One of the things that I love about homeschooling is how easy it is to involve the entire family. Grandparents, Spouses, extended family and more. Including their involvement particularly when it comes to electives is amazingly easy. Making choices about who will help teach them in the electives they chose strengthens their decision-making abilities on the path to independent learning.
A Case In Point
Take for instance my son interest in electronics. My lad and I did some work together taking apart a clock radio and telephone. It’s been so good those to see the natural bent of two fellows working together to disassemble the different old electronics we have.
I was all set to take pics of their most recent tear down of a CD drive until both of them forbade photos! “NO Pics mom/hun!” My husband has a much different manner of doing these teardowns than I do, and it’s just interesting to sit back and watch. They talk more, experiment less, and take care with screws and anything remotely useful. It makes me happy to just sit back and observe.
Where to Find Electives?
We all know that in schooling you need to cover your basics. Math, English, Social studies, History, Science and Geography. But what about everything else? What do you do about electives? Electives are subjects such as computer skills, typing, shop, phys ed, electronics, music, art and such like.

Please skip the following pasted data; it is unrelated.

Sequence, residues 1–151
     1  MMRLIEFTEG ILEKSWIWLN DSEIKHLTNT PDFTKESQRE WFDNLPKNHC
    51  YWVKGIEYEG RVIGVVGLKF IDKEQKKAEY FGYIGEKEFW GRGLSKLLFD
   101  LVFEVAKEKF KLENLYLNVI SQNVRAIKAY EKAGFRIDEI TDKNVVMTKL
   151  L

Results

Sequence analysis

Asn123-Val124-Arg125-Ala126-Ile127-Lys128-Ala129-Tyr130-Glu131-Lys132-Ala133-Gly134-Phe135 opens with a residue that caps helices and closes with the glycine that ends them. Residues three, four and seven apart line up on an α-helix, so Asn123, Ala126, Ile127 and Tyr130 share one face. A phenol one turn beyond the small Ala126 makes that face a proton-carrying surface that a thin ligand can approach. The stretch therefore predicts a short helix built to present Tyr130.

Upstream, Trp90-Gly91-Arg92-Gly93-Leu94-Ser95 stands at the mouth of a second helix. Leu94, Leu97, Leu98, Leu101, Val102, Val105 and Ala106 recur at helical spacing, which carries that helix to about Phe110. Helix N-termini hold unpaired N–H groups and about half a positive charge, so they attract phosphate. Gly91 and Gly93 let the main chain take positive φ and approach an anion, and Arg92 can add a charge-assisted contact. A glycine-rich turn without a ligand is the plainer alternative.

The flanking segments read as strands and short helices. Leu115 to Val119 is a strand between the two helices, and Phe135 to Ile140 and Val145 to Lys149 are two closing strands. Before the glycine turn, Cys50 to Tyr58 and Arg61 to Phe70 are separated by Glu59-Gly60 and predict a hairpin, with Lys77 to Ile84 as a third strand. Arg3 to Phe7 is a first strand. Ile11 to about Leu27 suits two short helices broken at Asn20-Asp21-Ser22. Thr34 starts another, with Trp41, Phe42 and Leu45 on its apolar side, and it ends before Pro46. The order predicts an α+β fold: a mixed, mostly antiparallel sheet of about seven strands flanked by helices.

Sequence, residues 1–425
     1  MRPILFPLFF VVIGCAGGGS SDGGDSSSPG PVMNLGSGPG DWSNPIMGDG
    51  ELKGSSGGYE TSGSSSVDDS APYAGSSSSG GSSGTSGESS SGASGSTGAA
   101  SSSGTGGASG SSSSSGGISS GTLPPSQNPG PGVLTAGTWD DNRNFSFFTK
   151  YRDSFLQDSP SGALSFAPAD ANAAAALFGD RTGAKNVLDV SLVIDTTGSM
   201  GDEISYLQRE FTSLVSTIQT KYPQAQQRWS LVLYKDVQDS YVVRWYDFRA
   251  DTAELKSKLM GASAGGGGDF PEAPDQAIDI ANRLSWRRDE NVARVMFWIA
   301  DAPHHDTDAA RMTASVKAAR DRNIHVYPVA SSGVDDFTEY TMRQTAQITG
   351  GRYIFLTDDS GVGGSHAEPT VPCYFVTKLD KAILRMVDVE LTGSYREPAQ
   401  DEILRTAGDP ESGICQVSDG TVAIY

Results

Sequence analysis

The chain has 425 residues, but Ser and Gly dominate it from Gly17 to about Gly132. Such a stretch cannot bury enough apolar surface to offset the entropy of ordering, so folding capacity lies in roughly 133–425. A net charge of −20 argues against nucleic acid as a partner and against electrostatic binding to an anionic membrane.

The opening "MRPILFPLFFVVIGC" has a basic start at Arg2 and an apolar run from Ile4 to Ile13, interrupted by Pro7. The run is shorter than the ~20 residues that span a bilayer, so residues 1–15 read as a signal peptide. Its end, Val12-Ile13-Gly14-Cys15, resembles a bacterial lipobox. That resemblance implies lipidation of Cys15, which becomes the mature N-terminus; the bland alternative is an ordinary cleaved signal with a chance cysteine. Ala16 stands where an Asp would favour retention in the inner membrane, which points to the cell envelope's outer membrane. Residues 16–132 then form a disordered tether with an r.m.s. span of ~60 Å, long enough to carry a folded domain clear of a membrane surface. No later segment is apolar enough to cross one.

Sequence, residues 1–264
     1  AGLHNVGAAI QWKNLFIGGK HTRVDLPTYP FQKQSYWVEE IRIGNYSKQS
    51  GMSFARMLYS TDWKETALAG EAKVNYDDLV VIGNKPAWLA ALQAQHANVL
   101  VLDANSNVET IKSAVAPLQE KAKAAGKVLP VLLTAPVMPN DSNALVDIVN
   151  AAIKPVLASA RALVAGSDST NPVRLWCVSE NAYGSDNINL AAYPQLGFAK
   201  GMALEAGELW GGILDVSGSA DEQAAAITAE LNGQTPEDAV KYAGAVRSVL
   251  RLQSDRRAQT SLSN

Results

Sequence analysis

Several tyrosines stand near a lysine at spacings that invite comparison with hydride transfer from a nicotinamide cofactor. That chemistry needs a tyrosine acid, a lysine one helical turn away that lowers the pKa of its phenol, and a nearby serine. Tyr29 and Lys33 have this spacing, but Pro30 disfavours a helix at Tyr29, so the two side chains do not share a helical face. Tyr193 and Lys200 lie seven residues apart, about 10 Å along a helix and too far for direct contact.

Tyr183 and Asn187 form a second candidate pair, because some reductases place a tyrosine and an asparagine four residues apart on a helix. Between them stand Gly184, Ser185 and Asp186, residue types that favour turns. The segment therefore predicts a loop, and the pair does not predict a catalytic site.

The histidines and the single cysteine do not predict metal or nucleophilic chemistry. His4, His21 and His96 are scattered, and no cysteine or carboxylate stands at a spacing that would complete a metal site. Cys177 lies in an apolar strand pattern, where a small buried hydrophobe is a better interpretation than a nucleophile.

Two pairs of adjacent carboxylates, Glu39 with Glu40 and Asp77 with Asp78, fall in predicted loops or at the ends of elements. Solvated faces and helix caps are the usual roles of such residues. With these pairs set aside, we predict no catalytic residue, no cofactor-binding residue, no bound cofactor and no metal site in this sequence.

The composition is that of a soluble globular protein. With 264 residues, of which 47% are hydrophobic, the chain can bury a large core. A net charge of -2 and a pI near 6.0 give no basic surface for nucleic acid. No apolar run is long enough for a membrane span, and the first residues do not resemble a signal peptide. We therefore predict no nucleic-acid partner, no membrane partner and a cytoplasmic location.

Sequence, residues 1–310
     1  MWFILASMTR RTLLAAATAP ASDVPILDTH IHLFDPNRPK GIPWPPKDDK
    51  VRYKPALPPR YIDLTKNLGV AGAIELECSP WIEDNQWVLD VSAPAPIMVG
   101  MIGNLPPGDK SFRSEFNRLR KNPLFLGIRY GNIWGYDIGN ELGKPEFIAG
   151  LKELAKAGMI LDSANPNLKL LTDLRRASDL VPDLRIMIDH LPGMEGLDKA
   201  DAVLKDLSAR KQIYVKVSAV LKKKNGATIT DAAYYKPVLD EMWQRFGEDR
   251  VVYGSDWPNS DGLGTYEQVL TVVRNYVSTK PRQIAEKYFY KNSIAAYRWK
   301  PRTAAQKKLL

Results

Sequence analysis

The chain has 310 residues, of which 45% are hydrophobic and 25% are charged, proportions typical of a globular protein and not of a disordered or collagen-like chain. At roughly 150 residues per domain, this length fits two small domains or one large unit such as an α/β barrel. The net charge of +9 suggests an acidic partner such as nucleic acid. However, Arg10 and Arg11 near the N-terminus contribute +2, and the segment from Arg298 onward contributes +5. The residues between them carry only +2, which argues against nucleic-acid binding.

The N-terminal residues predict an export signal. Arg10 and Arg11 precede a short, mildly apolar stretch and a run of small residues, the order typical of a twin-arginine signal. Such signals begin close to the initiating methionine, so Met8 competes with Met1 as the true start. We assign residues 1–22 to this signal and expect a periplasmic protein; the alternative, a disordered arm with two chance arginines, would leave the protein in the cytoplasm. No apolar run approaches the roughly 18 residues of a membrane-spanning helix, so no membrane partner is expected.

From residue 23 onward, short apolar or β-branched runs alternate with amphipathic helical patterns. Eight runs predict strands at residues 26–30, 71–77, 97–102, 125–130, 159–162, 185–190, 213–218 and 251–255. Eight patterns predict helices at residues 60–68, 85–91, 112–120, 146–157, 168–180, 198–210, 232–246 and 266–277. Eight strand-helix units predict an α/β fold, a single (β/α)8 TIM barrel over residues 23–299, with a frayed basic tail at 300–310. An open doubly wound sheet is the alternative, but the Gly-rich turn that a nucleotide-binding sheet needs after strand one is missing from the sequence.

First, you need to discover what electives your student needs and what their interests are. If they don’t know, you might want to use your knowledge of your child to give them options. For instance, my son has teaching in his bones, will he end up being a teacher? I don’t know. He doesn’t know. But to teach you need to know how to project your voice to a classroom, so he’ll be taking drama this year to learn how to do that.
Second, you want to find a way to support those interests. Paid or free, or even bartered options exist.
One option that I used with my lad when we first started to explore his interests was to use SchoolhouseTeachers.com. With over 350 courses there are lots of options.
I would print off the list of options for him with their descriptions and let him pick. You can go to a specific grade (shows in pictorial form) or use the all courses option (shows as a list like above picture). The advantage is, if your student was just curious and it turns out to not be a good fit, you can choose a different elective.
There are numerous free options online.
Or you might want to utilize your local public school for a class or two. My son did this for music and tech (grade nine), and this coming year will be doing drama, manufacturing and computer tech (grade 10). They offer it, and if the principal allows it, why not use a resource you have at hand?
You could look into apprenticing with a local business if your child has an interest, in essence, making your own co-op placement.
Volunteering is also a great way to pick up new skills. Working for a business with the sole purpose of learning different aspects of the work.